10 June 2021

We would like to share with you a statement from one of our Co-Founders, Tony Jameson-Allen.


After 10 years with Sporting Memories I’ve decided it’s time to hang up my boots and take life a bit easier.

It’s a little strange knowing what to write as there’s been so much happening since 2011 and due to our geographical spread, there are members of the team I’ve never managed to meet up with along with many brilliant volunteers, without whom Sporting Memories could never have reached out and supported so many people.

There have been many highlights and opportunities along the way, meeting and working with some remarkable people, including sporting legends and incredible broadcasters. It’s impossible to pick out particular favourite memories, working on the Radio 5 Live 90 minute sports special with Eleanor Oldroyd, Alan Shearer’s Football, Dementia and Me and dropping into Talksport to chat on the Hawksbee & Jacobs show was always real fun, whilst helping us get our message out and raise our profile.

A special place in my heart will always be the times spent with Baroness Rachael Heyhoe Flint. Despite her ill health, Rachael became an ambassador for Sporting Memories and took it upon herself to organise a fund raising dinner in the Long Room at Lord’s Cricket Ground. Sadly it became an evening to celebrate her life as she passed away before it could take place. But boy was it a fun evening and her friends made sure it was one everyone would remember. It is fitting that not only is there a Rachael Heyhoe Flint trophy currently being played for by the country’s top women cricketers, but that Lord’s Cricket Ground are planning a suitable way of commemorating her impact on the game by way of a statue.

A huge thank you to the many journalists and broadcasters who really ‘get’ what Sporting Memories is all about and are always willing to discuss ideas for articles and features, special mentions in particular to Henry Winter, Jim White, Chris Warburton, Si Lloyd, Andrew Edwards, Andy Bayes and Adam Mountford, who are always welcoming and put a huge amount of time and effort into making sure the voices of club members and their carers are heard and understood.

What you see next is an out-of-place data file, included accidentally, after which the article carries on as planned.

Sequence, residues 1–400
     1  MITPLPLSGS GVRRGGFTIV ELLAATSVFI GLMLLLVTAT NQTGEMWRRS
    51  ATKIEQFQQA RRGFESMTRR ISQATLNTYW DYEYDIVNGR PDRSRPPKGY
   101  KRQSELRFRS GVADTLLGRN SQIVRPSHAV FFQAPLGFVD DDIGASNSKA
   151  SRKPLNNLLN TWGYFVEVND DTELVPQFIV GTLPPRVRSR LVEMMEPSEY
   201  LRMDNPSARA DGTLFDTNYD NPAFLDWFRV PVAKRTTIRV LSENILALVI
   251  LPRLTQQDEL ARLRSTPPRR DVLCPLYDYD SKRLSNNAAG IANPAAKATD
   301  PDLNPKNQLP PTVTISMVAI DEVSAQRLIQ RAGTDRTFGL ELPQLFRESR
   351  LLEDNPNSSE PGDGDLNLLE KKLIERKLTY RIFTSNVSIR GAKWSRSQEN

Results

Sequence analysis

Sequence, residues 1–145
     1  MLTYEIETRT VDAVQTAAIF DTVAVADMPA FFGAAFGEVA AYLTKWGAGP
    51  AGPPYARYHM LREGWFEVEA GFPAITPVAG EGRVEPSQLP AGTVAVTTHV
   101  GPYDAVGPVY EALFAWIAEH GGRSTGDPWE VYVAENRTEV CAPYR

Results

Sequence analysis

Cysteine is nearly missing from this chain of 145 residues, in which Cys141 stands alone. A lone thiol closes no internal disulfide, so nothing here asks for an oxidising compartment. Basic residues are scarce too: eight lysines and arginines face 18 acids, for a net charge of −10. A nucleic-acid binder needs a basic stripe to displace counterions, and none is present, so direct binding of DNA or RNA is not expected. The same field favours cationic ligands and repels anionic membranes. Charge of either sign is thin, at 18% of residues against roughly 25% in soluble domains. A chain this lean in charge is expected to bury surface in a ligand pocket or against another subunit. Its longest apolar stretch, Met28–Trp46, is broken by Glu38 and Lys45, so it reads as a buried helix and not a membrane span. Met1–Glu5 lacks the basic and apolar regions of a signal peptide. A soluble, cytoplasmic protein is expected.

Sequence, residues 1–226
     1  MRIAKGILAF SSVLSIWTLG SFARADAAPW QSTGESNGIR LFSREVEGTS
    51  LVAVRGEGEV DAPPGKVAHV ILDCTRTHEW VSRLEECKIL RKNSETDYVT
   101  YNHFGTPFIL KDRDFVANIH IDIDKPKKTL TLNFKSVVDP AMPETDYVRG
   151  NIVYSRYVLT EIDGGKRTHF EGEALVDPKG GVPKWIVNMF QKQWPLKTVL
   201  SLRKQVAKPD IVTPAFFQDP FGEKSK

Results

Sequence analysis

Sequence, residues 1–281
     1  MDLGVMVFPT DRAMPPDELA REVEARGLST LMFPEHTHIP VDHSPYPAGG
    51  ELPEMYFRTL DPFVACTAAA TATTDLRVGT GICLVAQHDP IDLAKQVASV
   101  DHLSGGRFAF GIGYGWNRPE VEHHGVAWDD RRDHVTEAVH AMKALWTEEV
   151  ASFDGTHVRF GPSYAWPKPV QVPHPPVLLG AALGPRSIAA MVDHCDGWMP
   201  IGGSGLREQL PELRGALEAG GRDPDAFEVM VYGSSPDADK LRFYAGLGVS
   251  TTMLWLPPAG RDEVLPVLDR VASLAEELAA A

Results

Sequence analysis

To the Trustees, Patrons and Ambassadors and those who have donated or take on challenges, big thanks for your generosity of time, effort and helping with the all-important fundraising events and efforts.

For the next few months I’ll be working up to one day a week to tie up a few loose ends, ahead of moving later this year with my wife to the East Coast to enjoy walks on the beach, cycling, power lifting, golf and hopefully watching a bit of cricket too. 

I was wondering how to sign off, then it struck me, I’ll take a leaf out of Jim Purvis’s book. When I was struggling last year with depression, Jim would email regularly and signed off each email in the same manner.

So if you think or know that a mate is struggling, send them a message. Don’t push them for an answer, but don’t be afraid to contact them. You might not get an answer, or you may get one eventually. It’s highly likely though that it will be read and appreciated. 

One way of signing off is this.“Please don’t feel any obligation to reply to this. I know how difficult it can be to deal with things when your mind isn’t right and I wouldn’t want you to feel any pressure.“


Love and hugs,

Tony